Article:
the administrator querying the computing device for machine properties thereof and receiving same;
the administrator sending the machine properties of the computing device to the black box server as part of a request for a new black box for the computing device;
the black box server in response constructing the new black box based in part on the machine properties so as to tie the new black box to the computing device;
the black box server delivering the new black box to the administrator; and
the administrator installing the new black box on the computing device.
6. The method of claim 5 wherein the administrator comprises an activation provider running on the computing device and an activation manager in communication with the activation provider, the method comprising:
the activation manager querying the activation provider on the computing device for machine properties thereof;
the activation provider determining the machine properties of the computing device and sending same to the activation manager;
the activation manager sending the machine properties of the computing device to the black box server as part of a request for a new black box for the computing device;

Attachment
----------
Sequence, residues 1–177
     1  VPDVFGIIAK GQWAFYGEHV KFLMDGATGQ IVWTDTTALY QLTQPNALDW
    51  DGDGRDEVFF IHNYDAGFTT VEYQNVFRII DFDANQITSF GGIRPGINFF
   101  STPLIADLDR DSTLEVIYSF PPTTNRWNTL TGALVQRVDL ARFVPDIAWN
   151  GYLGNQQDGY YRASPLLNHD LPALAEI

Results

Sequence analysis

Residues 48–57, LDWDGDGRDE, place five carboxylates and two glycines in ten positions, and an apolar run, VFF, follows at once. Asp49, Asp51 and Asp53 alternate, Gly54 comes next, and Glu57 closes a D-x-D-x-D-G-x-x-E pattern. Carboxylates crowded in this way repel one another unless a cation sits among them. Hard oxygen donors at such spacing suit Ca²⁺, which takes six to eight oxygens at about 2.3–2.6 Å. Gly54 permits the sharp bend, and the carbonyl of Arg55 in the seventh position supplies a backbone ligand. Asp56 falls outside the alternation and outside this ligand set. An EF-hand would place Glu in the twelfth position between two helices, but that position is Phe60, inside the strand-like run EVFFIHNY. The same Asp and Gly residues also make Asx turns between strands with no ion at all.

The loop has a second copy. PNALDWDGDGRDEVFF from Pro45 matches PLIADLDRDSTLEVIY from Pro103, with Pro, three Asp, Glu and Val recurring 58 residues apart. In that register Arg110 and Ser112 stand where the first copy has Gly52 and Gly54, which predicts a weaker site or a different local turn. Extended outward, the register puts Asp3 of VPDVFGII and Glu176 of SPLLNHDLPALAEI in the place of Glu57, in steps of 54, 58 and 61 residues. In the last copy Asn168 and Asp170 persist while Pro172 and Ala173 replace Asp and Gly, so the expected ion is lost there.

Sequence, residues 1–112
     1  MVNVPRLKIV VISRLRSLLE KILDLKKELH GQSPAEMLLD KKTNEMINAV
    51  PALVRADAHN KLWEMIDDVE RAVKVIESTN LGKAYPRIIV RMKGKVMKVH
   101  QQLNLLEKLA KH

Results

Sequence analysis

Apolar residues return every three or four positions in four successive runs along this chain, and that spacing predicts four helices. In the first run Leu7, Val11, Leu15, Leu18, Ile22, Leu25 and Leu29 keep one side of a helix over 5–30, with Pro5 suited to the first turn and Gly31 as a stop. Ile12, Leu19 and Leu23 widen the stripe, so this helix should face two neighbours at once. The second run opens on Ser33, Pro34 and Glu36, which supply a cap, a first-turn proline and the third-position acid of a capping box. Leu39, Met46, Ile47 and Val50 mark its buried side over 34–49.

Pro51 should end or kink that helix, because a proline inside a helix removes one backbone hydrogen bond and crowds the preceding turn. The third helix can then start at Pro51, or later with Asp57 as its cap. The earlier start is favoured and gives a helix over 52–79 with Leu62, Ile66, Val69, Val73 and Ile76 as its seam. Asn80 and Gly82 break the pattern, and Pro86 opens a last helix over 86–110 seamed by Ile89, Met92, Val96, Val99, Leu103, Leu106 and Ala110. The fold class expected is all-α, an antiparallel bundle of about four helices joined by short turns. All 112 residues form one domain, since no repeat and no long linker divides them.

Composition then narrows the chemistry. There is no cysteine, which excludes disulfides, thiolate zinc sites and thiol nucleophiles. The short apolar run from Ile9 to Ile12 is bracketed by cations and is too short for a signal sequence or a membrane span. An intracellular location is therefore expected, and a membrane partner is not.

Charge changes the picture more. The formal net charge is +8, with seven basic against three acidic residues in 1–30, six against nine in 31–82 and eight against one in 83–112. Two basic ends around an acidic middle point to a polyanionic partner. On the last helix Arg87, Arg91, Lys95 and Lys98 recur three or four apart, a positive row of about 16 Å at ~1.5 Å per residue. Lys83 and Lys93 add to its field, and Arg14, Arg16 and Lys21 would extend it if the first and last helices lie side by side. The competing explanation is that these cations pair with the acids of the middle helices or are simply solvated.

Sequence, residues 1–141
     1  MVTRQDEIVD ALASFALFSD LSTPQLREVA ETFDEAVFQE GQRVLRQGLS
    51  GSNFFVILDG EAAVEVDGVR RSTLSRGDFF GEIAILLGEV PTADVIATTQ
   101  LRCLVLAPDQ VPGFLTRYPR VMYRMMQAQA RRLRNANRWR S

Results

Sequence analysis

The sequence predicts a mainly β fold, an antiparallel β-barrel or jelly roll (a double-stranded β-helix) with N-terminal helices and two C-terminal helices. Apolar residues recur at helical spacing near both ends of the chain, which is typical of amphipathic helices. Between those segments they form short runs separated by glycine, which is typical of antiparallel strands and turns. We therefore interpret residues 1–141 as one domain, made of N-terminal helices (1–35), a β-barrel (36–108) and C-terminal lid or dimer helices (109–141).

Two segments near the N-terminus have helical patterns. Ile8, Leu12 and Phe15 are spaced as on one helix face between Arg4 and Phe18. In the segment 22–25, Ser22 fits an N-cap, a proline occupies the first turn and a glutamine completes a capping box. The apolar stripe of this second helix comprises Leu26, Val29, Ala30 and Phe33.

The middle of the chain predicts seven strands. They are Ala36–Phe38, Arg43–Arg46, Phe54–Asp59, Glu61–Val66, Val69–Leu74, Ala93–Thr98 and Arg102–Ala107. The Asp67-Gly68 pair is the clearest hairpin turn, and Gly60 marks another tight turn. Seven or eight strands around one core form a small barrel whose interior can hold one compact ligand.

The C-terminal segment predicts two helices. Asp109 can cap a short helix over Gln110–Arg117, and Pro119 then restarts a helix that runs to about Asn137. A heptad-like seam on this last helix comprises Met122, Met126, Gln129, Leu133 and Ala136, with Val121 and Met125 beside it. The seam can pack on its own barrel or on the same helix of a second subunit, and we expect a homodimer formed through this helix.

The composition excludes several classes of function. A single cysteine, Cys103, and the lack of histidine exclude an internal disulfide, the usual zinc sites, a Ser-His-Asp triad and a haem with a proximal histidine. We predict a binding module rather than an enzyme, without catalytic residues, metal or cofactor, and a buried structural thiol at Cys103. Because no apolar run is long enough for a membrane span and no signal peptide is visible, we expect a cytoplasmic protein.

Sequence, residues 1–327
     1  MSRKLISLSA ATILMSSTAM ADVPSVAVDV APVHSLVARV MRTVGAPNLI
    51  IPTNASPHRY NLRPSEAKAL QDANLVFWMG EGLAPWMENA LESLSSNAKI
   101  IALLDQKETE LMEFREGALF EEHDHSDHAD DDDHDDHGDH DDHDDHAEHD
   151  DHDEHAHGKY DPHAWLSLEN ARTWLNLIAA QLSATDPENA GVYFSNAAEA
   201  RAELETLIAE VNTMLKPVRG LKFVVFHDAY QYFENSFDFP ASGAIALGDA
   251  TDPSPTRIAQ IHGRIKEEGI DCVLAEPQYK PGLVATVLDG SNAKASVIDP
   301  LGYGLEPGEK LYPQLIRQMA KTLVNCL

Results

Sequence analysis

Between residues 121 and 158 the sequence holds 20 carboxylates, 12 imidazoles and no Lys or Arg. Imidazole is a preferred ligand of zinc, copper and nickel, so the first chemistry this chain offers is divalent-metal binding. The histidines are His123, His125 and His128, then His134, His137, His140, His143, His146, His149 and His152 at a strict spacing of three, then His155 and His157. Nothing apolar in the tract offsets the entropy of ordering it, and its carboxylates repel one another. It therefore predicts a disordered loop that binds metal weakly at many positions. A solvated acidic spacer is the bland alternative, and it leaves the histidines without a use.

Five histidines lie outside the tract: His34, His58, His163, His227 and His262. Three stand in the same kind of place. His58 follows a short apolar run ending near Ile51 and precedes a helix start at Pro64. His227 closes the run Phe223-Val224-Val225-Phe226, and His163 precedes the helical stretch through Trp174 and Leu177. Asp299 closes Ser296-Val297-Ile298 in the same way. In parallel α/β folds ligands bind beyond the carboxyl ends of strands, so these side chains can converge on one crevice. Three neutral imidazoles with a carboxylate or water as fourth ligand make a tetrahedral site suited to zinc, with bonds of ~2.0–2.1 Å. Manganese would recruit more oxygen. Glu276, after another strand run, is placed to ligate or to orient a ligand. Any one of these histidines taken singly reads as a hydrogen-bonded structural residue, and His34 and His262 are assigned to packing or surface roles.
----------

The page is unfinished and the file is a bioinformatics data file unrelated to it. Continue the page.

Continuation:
the black box server in response constructing the new black box based in part on the machine properties so as to tie the new black box to the computing device;
the black box server delivering the new black box to the activation manager;
the activation manager delivering the new black box to the activation provider; and
the activation provider installing the new black box on the computing device.
7. The method of claim 6 further comprising, prior to the activation manager querying the activation provider on the computing device for machine properties thereof:
the activation manager querying the activation provider to determine whether the computing device requires the new black box;
the activation provider in response collecting activation state information from the computing device and reporting same to the activation manager; and
the activation manger determining based on the activation state information whether the computing device requires the new black box.